The church bell does not ring as true as it did in winter’s air. Nor is it weighted with spring’s wetness; it rings easily - it is the first real day of summer.
I lay in bed, listening to the day’s approach. It does not come daintily in yellow, silken slippers, but rather clumsily, on dirty, unshorn feet, dressed in patched dungarees and wrinkled t-shirt. It is myself, eager to race the sun above the horizon. It is fishing day.
I count five chimes, one less than my age. In another hour it would be my age, until as the day moved on, it would pass me. But now, at least I was older than time.
I tiptoe down the stairs, past the opened door of my parents. “I hear you,” my father calls out from the darkness.
I freeze, not from fear of my father who’d help me prepare my fishing gear the night before; the one who’d taught me to fish and said he’d wish he could join me. “But, it’s your mama,” he’d gone on to explain. “She’ll need me.”
Mama suffers from what the doctors call melancholia. It came about after my sister, Constance, died a week after coming home from the hospital. It was the beginning of summer, like now, only three years ago.
“I didn’t wake Ma, did I?”
“Don’t worry, son. Go on, have a good time.” I hear rustling in the room.
I hear my mother’s voice; she comes to the door, holding onto the frame as if she might fall. She looks pale, fragile; her blond hair covers her face. She pulls it away from her eyes, looking at me. “Remember what we said about the bait,” she tells me. She then bends down to kiss me
“Yes, ma’am, I do.” And I run to the porch to grab my bamboo pole and make my way toward the river.
I cross the McKinney Bridge to my favorite spot to fish. It is upstream of the bridge and under the canopy of a pecan tree. Most say catching fish is better off the bridge.
Farther upstream, the Baptist are forever baptizing folk in the river. I think their sins collect in the brackish, still water on the down side of the bridge. The water there is so deep, it turns black. Catfish trawl its murky bottom; and some - as rumors have it - are big enough to eat a man.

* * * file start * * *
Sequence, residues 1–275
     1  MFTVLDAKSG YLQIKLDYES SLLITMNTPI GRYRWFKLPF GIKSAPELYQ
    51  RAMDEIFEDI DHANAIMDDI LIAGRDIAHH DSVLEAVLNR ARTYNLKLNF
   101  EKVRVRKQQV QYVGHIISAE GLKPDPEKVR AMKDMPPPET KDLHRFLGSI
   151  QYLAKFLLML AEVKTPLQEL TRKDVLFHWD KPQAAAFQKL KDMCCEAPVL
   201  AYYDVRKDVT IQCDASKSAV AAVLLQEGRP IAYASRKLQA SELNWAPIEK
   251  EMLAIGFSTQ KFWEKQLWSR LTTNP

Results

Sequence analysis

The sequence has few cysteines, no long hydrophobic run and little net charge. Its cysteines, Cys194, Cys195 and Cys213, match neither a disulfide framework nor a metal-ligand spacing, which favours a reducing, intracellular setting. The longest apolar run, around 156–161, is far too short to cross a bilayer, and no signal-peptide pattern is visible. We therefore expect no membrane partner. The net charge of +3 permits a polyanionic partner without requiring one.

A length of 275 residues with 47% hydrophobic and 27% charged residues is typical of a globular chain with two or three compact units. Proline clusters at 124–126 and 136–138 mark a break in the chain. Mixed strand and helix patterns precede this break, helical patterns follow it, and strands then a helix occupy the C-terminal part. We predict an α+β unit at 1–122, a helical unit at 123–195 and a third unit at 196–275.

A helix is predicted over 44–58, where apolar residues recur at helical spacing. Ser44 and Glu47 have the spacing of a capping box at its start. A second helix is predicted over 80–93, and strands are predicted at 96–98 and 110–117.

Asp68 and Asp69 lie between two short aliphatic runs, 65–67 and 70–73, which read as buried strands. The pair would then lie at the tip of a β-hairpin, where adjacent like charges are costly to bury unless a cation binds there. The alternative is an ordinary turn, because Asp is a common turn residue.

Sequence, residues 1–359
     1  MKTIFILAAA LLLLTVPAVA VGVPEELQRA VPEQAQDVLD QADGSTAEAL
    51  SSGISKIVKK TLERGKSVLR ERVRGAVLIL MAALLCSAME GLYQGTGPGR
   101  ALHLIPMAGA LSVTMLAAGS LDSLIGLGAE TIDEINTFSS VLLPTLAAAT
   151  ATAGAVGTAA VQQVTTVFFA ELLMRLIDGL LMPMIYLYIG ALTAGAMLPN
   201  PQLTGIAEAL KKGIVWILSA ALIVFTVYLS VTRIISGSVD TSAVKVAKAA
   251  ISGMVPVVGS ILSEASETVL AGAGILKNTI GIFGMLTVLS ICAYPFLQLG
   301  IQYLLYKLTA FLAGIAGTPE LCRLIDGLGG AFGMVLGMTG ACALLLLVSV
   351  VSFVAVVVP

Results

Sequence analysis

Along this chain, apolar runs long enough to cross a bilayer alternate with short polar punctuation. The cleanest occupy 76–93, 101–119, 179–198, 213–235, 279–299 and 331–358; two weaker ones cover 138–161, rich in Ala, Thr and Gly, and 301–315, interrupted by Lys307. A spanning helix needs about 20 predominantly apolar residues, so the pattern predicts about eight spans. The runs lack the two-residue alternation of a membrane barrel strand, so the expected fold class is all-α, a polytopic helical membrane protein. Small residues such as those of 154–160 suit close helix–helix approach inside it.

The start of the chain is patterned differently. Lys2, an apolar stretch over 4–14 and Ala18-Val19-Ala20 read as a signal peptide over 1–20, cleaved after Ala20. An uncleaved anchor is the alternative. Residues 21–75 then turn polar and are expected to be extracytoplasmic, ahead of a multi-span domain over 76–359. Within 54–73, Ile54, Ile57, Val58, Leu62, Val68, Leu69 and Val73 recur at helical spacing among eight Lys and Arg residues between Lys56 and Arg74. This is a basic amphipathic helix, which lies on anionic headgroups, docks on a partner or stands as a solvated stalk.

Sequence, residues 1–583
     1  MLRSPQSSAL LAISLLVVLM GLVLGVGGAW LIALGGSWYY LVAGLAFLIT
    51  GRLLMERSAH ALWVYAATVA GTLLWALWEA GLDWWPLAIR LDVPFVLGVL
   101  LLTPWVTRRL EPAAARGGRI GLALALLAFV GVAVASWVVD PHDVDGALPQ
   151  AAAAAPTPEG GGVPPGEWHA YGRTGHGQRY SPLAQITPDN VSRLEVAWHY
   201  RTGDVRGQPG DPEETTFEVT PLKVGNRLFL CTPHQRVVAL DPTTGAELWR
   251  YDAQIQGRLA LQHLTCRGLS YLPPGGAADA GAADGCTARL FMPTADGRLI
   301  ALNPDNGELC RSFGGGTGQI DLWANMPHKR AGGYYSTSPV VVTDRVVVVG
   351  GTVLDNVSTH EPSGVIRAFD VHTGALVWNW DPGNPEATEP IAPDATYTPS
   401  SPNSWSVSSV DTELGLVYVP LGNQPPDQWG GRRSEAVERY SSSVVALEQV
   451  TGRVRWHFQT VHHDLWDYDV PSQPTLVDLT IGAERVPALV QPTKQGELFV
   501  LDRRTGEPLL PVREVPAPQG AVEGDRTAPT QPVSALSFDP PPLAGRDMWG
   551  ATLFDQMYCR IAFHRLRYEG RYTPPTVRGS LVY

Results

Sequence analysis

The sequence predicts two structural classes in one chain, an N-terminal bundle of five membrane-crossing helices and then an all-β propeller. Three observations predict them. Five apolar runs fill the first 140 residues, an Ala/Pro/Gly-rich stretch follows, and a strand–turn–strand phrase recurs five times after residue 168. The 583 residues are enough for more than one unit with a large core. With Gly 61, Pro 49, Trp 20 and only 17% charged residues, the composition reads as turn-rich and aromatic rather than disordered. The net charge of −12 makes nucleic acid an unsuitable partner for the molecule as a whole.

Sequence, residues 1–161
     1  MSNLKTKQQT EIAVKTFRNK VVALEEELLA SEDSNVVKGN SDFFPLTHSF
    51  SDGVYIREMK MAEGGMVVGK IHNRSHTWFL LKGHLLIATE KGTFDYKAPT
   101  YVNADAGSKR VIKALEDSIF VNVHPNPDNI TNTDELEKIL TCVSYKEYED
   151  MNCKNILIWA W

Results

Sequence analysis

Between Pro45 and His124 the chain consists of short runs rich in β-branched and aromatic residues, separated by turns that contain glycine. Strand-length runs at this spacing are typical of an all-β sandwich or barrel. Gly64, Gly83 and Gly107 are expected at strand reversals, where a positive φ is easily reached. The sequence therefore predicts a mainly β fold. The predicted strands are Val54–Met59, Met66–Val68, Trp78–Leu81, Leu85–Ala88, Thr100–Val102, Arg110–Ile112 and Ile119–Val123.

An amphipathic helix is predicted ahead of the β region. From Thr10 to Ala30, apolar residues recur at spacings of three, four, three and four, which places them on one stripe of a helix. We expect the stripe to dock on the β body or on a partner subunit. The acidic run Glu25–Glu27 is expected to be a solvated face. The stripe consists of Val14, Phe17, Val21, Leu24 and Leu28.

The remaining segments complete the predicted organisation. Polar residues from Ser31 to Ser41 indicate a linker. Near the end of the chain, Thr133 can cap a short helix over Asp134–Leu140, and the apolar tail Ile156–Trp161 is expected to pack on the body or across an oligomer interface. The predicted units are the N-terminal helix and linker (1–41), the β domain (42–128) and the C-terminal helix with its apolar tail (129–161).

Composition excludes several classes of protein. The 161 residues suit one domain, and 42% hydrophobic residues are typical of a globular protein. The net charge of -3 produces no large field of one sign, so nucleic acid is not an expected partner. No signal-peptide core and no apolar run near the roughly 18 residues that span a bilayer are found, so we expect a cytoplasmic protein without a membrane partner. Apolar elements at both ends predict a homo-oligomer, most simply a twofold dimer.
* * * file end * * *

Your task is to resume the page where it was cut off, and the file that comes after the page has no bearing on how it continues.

The church bell chimes six, just as the sun breaks through the leaves and boughs of the forested hills across the river. It is beautiful, purple turning to gold. In the distance, on the road from my house, I see a figure walking toward the bridge.
I sit up to get a better view. My eyes, widened, my heart quickens. It is my mother. She is fully dressed in her favorite blue dress. Her hair brushed up into a swirl behind her neck. Even in the timid light of morning, she is beautiful and I can see a certain peace about her features.
Behind her, another figure is running. Before I make out his face, I hear his voice. It is my father. He’s crying out, “Louisa, no!”
Too soon, my mother is standing on the bridge, on the downside above the deep, dark waters where catfish swim. My father reaches the bridge, arms outstretched, still crying out. She does not turn to him. Silently she jumps and disappears beneath the water. Dad dives in behind her. My world stands still.
I’m now one count older than the twelfth chime from the bell tower, less a boy, more a man. Seasons in our life do that – add and subtract.
I once confessed to my mother I was afraid to use grubs as bait to fish, believing they might drown. She didn’t laugh, but smiled. “Once your hook is beneath the water,” she said, “your beliefs are all you have.” And then she kissed me.
My memory of her and dad are like that, too. A belief cast out in yesterdays - believing we’ll be together again.
Trusting, I'll lay in bed listening to the day’s approach once more. It will not come daintily in yellow, silken slippers, but rather clumsily, on dirty, unshorn feet, dressed in patched dungarees and wrinkled t-shirt. It will be myself, eager to race the sun above the horizon. Our family will be whole, even Constance, and it will be fishing day yet again.
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